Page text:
The box set is split in to two four part stories:

 2.1 The Transcendence of Ephros by Guy Adams

 The Third Doctor was a very moral Doctor, and very vocal in his morality and on the Planet Ephros he gets to exercise full moral outrage. It starts off very traditionally – The Doctor (Tim Treloar) is taking Jo Grant (Katy Manning) to visit the planet Ephros, but like  Metebelis 3 its not as he remembers it – it is now a cold dark place beset with earthquakes and soon they lose the TARDIS when the ground cracks open. What follows for the first three episodes is a pretty standard “colonists vs corporates” plot – the colonists led by Mother Finsey (Richenda Carey) are a religious group who are going to willingly sacrifice themselves when the planet explodes the next day. The Galactic Corporation are going to harvest the energy of the explosion and their leader Karswell (Bernard Holley) is looking forward to his bonus. But what if everything is not how it seems, what if all we are seeing is based on a lie and who is the “wise man” that Mother Finsey had as a mentor? Gripping stuff (if a little by the numbers) but undoubtedly a Pertwee era story, shot in 4:3 and with jungle sets built in a tiny BBC Studio – like many stories of its time it asks ethical questions and lets the listener form their own conclusions – I didn’t feel preached to as could sometimes happen in the TV stories of the era – a strong opener with a fourth episode that you wont see coming…..

 2.2 The Hidden Realm by David Llewellyn

 A very good friend of mine made a very good point about Doctor Who a few years ago, and on the whole I agree – he said “Doctor Who is best when it is set in a small village” I suppose its that sense of the familiar being subverted – of picture postcard England being dangerous (the old “Yeti on the Loo” factor) and this second story is the “Aliens were here all along” story. This one has bags of atmosphere – it has that “washed out location film” feeling if you know what I mean even though it is an audio – but I get ahead of myself. In the town of Bramfield people are going missing, in fact they have been going missing for a good long time and when Jo Grant’s cousin Stephanie (Clare Buckfield) reports her husband Peter (Robert Whitelock) missing The Doctor & Jo head over to investigate. The odd thing is that the Police have been investigating and found out that £100,000 has been wired to his account from a criminal escaping justice in Argentina……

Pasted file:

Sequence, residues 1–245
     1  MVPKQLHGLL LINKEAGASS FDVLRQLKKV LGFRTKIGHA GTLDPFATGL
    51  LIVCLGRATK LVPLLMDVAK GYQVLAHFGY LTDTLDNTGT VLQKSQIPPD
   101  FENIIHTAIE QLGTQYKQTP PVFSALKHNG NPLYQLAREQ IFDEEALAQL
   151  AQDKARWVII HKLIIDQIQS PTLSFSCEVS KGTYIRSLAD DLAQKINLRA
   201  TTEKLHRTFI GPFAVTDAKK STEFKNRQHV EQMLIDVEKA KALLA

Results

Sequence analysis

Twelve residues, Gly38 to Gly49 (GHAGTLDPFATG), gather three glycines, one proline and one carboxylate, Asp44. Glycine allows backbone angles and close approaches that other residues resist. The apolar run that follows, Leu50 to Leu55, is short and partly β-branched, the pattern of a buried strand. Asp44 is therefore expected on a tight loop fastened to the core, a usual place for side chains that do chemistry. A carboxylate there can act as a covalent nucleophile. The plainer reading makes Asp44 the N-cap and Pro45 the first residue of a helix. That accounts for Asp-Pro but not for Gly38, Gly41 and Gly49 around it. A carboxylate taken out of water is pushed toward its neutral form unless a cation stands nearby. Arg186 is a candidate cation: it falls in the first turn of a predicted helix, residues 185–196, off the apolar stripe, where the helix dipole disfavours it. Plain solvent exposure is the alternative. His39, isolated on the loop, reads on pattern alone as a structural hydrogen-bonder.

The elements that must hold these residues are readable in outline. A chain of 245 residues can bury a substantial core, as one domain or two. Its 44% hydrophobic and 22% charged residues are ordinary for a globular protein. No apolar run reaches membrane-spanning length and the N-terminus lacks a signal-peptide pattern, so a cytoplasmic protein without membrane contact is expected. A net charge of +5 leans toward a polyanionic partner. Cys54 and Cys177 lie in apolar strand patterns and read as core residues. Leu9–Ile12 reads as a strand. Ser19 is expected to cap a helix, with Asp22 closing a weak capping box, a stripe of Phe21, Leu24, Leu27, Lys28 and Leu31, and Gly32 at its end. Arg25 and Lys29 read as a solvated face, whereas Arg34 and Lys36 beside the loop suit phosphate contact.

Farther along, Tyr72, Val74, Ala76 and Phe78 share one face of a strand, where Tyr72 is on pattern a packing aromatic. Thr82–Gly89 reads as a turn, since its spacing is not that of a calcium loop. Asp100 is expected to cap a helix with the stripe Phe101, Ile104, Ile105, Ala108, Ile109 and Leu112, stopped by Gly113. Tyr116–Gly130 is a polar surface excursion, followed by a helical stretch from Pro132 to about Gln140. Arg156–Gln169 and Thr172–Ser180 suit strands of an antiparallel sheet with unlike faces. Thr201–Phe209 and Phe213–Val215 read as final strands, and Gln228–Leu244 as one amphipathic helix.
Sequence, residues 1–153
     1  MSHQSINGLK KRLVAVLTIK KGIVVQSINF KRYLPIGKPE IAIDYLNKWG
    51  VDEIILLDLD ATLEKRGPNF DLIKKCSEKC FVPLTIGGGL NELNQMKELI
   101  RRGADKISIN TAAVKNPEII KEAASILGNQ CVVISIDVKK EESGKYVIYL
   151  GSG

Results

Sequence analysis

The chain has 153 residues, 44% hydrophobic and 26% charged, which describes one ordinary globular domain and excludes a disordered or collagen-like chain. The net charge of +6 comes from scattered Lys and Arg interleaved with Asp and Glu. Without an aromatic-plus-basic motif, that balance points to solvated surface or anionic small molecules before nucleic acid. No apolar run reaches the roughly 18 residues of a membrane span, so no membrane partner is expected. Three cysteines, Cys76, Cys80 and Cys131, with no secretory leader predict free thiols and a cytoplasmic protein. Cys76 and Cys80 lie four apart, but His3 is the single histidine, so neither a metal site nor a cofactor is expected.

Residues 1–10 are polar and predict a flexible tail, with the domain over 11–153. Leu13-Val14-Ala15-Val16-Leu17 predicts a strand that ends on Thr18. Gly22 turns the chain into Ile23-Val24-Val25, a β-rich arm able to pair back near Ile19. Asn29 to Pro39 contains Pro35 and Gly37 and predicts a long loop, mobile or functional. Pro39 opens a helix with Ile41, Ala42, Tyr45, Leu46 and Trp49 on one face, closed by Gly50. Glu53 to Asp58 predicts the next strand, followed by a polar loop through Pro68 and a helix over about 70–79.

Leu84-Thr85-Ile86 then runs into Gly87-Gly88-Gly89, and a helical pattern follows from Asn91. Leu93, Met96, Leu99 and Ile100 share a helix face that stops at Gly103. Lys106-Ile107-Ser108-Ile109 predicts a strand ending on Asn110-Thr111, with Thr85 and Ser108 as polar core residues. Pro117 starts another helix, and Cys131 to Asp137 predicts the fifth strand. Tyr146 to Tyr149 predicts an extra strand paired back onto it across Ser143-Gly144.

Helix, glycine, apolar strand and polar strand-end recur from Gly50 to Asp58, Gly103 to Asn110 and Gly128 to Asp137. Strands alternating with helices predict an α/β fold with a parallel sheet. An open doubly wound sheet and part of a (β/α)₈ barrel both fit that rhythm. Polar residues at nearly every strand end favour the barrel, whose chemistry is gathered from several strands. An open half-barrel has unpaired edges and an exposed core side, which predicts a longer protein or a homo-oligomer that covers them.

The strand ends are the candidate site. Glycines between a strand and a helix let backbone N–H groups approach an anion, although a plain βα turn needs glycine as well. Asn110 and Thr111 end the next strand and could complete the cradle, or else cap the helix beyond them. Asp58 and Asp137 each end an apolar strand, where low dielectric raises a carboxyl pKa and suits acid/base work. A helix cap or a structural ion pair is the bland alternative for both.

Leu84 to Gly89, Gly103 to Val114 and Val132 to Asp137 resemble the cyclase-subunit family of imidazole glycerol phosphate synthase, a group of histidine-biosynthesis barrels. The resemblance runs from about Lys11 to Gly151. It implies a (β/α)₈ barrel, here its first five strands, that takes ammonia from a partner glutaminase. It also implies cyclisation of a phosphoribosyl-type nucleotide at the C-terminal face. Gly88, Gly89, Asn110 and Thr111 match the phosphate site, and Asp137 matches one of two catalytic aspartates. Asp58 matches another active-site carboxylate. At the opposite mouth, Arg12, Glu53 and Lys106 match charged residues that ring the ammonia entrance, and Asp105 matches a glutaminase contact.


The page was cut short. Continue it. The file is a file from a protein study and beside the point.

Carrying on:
With scary magpies (don’t say the rhyme whatever you do…) and a town where no one can be trusted Jo and her new friend DS Joseph (Alex Lanipekun) must work together as even the Doctor is vulnerable to attack. A great little homage to Invasion of the Body Snatchers given a Doctor Who and and English folk-lore twist.

 A cosy little nostalgia trip that will tick all the right boxes for aficionados of the Pertwee era, it feels like it has fallen of the screen in 1973 & landed on a CD in 2016 and will give you a warm glow inside – Doctor Who as it was done in a bygone era and very well done at that 8/10.

Written by Ed Watkinson

Synopsis

This title was released in November 2016. It will be exclusively available to buy from the BF website until December 31st 2016, and on general sale after this date.

2.1 The Transcendence of Ephros by Guy Adams

The Doctor and Jo arrive on the dying planet Ephros, where Galactux Power Inc is exploiting the world’s remaining resources. But something is stirring beneath the surface…

2.2 The Hidden Realm by David Llewellyn

The Doctor and Jo journey to Bramfield New Town when the husband of Jo’s cousin vanishes mysteriously. As magpies circle overheard, the Doctor discovers a terrifying alien plot…

Written By: Guy Adams, David Llewellyn
Directed By: Nicholas Briggs

Cast

Tim Treloar (The Doctor), Katy Manning (Jo Grant), Simon Bubb (Temper/Follower 1), Richenda Carey (Mother Finsey), Bernard Holley (Karswell), Nigel Peever(Quail/Deputy), Karen Henson (Bartram/Follower 2), Clare Buckfield (Stephanie Andrews), Robert Whitelock (Peter Andrews), Sandra Voe (Miss Barnett), Richard Earl (DCI Finch), Alex Lanipekun (DS Joseph), George Asprey (Overseer Zim )

Producer David Richardson

Script Editor John Dorney

Executive Producers Jason Haigh-Ellery and Nicholas Briggs

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REVIEW – JAGO & LITEFOOT SERIES 12

What a long six months since Series 11 and all the shenanigans (love that word) that the Master brought to the world of Jago & Litefoot. We were promised that things would never be the same again and unfortunately this was born out by the influence that The Master had in series 11. The following review contains major spoilers for series 11 so if you have not bought it and listened to it already you had better do that now by clicking here  – and I will see you all in four hours or so….

 All caught up? Marvellous – then I will continue.

 Poor Ellie Higson (Lisa Bowerman) the chirpy cockney barmaid who (to quote Encore of the Scorchies “may not make the titles but is vital to the plot”) because in this series Ellie really is vital to the plot, in fact she is the “big bad” – because the Master has tampered with her DNA and reactivated the Vampire gene inside her and now she is on a rampage across Victorian London – CORKS!